I’ve had this headache for a long time, and yet I’m still making changes to my life, still adapting to the limitations dealing with chronic pain has given me. And, yes, still fighting against those seeming limitations.
Something I have to be on constant lookout for is depression. It can really sneak up on you. I recently made a lifestyle change that left me feeling depressed. I’ve homeschooled most of my children their entire school careers. One decided on public school after we had her try it out last year, and one just went on to college. That left a high schooler and an elementary schooler at home. Looking back at how this past school year has progressed, I really was not happy with the results. My kids are smart, not geniuses or anything, but capable. I really felt they weren’t getting the opportunity from me to challenge themselves. The younger one started school a month ago and is adapting well. The older one will start in the fall.
Not homeschooling may not sound like a big deal, but this has been my identity for a long time. I stopped working almost two years ago. The homeschooling community has been my only source of social activity outside of my house. Although they still value my input, I now feel detached.
I am not the same person I was just days before. Suddenly I feel alone.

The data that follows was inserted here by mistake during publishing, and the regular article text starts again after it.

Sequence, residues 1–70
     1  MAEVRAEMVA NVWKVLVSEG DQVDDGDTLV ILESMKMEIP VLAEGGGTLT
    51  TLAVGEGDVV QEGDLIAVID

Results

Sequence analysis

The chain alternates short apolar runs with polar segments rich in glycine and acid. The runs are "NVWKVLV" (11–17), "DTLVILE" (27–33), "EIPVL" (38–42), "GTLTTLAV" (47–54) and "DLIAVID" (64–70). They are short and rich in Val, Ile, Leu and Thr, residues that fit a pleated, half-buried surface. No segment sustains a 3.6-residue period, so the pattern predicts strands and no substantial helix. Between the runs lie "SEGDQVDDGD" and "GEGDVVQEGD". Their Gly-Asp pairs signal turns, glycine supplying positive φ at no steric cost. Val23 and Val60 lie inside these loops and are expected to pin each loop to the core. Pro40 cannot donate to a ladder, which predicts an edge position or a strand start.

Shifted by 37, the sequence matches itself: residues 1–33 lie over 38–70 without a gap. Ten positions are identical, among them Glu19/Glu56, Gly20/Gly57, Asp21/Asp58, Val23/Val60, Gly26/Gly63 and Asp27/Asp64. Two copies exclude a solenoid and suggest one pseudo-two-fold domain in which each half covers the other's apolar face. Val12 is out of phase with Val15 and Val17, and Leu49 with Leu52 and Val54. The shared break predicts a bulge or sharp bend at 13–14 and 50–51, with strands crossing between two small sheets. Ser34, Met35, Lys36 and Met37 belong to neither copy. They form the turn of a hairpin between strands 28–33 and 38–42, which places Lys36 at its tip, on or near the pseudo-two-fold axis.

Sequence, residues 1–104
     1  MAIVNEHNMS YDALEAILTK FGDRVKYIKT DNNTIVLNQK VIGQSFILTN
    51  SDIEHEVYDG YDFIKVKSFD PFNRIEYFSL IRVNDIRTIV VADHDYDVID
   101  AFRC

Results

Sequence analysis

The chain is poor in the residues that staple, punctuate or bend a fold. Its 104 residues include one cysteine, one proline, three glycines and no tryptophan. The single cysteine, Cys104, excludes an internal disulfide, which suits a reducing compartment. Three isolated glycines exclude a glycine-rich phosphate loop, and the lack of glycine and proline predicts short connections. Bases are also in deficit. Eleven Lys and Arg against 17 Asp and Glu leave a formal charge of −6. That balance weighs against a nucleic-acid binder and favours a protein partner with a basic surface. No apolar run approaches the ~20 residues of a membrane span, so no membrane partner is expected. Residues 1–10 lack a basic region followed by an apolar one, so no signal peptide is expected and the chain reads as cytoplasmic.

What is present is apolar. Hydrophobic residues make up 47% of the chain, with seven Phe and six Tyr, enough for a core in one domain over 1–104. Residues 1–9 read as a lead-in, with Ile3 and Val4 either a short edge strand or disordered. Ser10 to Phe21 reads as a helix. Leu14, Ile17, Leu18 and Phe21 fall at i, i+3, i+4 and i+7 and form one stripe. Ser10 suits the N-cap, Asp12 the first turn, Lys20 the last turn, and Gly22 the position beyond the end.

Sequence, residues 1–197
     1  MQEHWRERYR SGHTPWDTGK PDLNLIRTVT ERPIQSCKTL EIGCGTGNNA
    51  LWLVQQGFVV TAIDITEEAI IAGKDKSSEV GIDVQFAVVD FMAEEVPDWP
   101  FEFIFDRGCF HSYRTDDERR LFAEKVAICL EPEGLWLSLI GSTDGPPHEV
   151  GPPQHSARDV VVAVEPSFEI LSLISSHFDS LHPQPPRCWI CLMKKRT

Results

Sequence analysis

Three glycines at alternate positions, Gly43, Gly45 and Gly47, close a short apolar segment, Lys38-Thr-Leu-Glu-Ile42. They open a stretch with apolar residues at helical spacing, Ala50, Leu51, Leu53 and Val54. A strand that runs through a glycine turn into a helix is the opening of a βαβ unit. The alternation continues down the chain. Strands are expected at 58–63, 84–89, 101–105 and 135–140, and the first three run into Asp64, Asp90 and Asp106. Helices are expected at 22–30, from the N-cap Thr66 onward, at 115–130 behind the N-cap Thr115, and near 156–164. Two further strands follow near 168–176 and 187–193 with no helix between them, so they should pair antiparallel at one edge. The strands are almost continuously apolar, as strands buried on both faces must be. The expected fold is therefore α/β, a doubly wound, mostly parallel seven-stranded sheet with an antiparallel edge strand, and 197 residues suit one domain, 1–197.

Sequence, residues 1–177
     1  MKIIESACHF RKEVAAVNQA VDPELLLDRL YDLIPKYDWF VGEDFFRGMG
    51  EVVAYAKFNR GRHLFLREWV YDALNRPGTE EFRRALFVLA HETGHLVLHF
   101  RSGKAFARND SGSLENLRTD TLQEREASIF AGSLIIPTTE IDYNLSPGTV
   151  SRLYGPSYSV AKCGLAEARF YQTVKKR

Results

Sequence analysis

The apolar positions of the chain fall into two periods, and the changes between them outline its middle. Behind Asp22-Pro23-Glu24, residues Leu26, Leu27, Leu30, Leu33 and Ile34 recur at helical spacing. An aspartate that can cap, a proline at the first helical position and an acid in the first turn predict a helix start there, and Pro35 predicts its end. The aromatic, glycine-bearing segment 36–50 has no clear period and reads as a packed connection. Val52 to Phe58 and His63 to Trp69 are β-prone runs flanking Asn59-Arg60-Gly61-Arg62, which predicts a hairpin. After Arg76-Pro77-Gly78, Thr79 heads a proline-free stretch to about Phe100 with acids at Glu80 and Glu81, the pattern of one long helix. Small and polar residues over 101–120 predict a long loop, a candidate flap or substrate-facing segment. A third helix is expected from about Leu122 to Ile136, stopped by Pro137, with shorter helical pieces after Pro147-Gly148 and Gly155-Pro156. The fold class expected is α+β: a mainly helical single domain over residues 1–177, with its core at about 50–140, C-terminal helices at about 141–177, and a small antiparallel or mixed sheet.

This identity crisis and the disappointment I felt from not being able to do for my children something I had promised myself led to some serious insecurity and low self-esteem.
So here’s my advice to myself, and to anyone who suffers from depression due to chronic pain:
- Practice mindfulness This link is to the Zen Habits website. He gives a great plan of 9 mindful things you can easily do each day.
- Daily write three things you are grateful for. Or more if you choose. Happiness can be cultivated. When we are in pain, it is easy to forget the good things in our lives. By writing them down, you remind yourself to be happy.
- Hug someone, or pet a dog or cat. Don’t forget you need physical contact even when all you want to do is stay in bed in your dark quiet room.
- Play a game. You may not be into board games, but I am a total game geek. Even if I really don’t think I want to play, playing a game with my family makes me feel better. It helps me reconnect and feel like I am a part of things.
- Last, and possibly hardest; Get some exercise. It may hurt, but your body needs it more than ever. If you have to schedule a nap afterwards, do it. If you can only manage a few minutes, do it. It may take time to work into it, but your body will thank you.